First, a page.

> of the key than, say, the heap TID that the key points to. They are
> just "payload".

Noticed a few issues following another pass:

* tuplesort.c should handle the CLUSTER case in the same way as the
btree case. No?

* Why have a RelationGetNumberOfAttributes(indexRel) call in
tuplesort_begin_index_btree() at all now?

* This critical section is unnecessary, because this happens during
index builds:

+   if (indnkeyatts != indnatts && P_ISLEAF(opageop))
+   {
+   /*
+* It's essential to truncate High key here.
+* The purpose is not just to save more space
on this particular page,
+* but to keep whole b-tree structure
consistent. Subsequent insertions
+* assume that hikey is already truncated, and
so they should not
+* worry about it, when copying the high key
into the parent page
+* as a downlink.
+* NOTE It is not crutial for reliability in present,
+* but maybe it will be that in the future.
+* NOTE this code will be changed by the
"btree compression" patch,
+* which is in progress now.
+*/
+   keytup = index_reform_tuple(wstate->index, oitup,
+
 indnatts, indnkeyatts);
+
+   /*  delete "wrong" high key, insert keytup as
P_HIKEY. */
+   START_CRIT_SECTION();
+   PageIndexTupleDelete(opage, P_HIKEY);
+
+   if (!_bt_pgaddtup(opage,
IndexTupleSize(keytup), keytup, P_HIKEY))
+   elog(ERROR, "failed to rewrite
compressed item in index \"%s\"",
+   RelationGetRelationName(wstate->index));
+   END_CRIT_SECTION();
+   }

Note that START_CRIT_SECTION() promotes any ERROR to PANIC, which
isn't useful here, because we have no buffer lock held, and nothing
must be WAL-logged.

* Think you forgot to update spghandler(). (You did not add a test for
just that one AM, either)

* I wonder why this restriction needs to exist:

+   else
+   elog(ERROR, "Expressions are not supported in
included columns.");

What does not supporting it buy us? Was it just that the pg_index
representation is more complicated, and you wanted to put it off?

An error like this should use ereport(ERROR,
(errcode(ERRCODE_FEATURE_NOT_SUPPORTED ..., btw.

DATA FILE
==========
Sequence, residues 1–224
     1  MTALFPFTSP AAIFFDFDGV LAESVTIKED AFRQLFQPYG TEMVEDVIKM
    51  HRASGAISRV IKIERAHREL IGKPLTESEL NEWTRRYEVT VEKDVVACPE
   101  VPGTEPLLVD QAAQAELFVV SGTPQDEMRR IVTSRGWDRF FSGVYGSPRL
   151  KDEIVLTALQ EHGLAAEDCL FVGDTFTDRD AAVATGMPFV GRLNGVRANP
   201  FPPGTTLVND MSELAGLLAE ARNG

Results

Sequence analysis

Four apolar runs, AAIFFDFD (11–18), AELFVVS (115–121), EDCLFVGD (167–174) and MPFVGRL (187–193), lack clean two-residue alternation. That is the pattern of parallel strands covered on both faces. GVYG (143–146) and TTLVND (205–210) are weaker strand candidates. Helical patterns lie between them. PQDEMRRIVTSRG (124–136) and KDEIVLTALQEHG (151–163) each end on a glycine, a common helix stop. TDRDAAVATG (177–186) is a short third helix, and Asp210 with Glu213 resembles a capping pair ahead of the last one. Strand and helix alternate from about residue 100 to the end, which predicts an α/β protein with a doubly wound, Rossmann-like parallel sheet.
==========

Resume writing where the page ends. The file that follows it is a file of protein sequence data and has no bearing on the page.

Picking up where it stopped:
* I would like to see index_reform_tuple() assert that the new,
truncated index tuple is definitely <= the original (I worry about the
1/3 page restriction issue). Maybe you should also change the name of
index_reform_tuple(), per David.

* There is some stray whitespace within RelationGetIndexAttrBitmap().
I think you should have updated it with code, though. I don't think
it's necessary for HOT updates to work, but I think it could be
necessary so that we don't need to get a row lock that blocks
non-conflict foreign key locking (see heap_update() callers). I think
you need to be careful for non-key columns within the loop in
RelationGetIndexAttrBitmap(), basically, because it seems to still go
through all columns. UPSERT also must call this code, FWIW.

* I think that a similar omission is also made for the replica
identity stuff in RelationGetIndexAttrBitmap(). Some thought is needed
on how this patch interacts with logical decoding, I guess.

* Valgrind shows an error with an aggregate statement I tried:

2016-04-05 17:01:31.129 PDT 12310 LOG:  statement: explain analyze
select count(*) from ab  where b > 5 group by a, b;
==12310== Invalid read of size 4
==12310==at 0x656615: match_clause_to_indexcol (indxpath.c:2226)
==12310==by 0x656615: match_clause_to_index (indxpath.c:2144)
==12310==by 0x656DBC: match_clauses_to_index (indxpath.c:2115)
==12310==by 0x658054: match_restriction_clauses_to_index (indxpath.c:2026)
==12310==by 0x658054: create_index_paths (indxpath.c:269)
==12310==by 0x64D1DB: set_plain_rel_pathlist (allpaths.c:649)
==12310==by 0x64D1DB: set_rel_pathlist (allpaths.c:427)
==12310==by 0x64D93B: set_base_rel_pathlists (allpaths.c:299)
==12310==by 0x64D93B: make_one_rel (allpaths.c:170)
==12310==by 0x66876C: query_planner (planmain.c:246)
==12310==by 0x669FBA: grouping_planner (planner.c:1666)
==12310==by 0x66D0C9: subquery_planner (planner.c:751)
==12310==by 0x66D3DA: standard_planner (planner.c:300)
==12310==by 0x66D714: planner (planner.c:170)
==12310==by 0x6FD692: pg_plan_query (postgres.c:798)
==12310==by 0x59082D: ExplainOneQuery (explain.c:350)
==12310== 

Re: [HACKERS] Materialized views vs. primary keys

2016-04-05 Thread David Fetter
On Tue, Apr 05, 2016 at 07:10:56PM -0400, Robert Haas wrote:
> On Tue, Apr 5, 2016 at 6:50 PM, David Fetter  wrote:
> > Is there a reason other than lack of tuits for this restriction?
> 
> "this" lacks an antecedent.

Try to put a primary key on a materialized view, for example:

CREATE TABLE foo(id SERIAL PRIMARY KEY, t text);

CREATE MATERIALIZED VIEW bar AS SELECT * FROM foo;

REFRESH MATERIALIZED VIEW bar;

ALTER MATERIALIZED VIEW bar ADD PRIMARY KEY(id);

At that last step, you get an error that bar is not a table.  You get
an identical error with the hoary old trick of 

ALTER TABLE bar ADD PRIMARY KEY(id);

This lack prevents things that depend on primary keys (foreign keys,
logical replication, etc.) from operating on the materialized views.

Cheers,
David.
-- 
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Phone: +1 415 235 3778  AIM: dfetter666  Yahoo!: dfetter
Skype: davidfetter  XMPP: david.fet...@gmail.com

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Re: [HACKERS] Unused macros in src/include/access/transam.h

2016-04-05 Thread Michael Paquier
On Wed, Apr 6, 2016 at 4:55 AM, Fabrízio de Royes Mello
 wrote:
> Hi all,
>
> When dealing with some patch review I've noticed there are two macro is not
> used anywhere:
>
> #define TransactionIdStore(xid, dest)   (*(dest) = (xid))
> #define StoreInvalidTransactionId(dest) (*(dest) = InvalidTransactionId)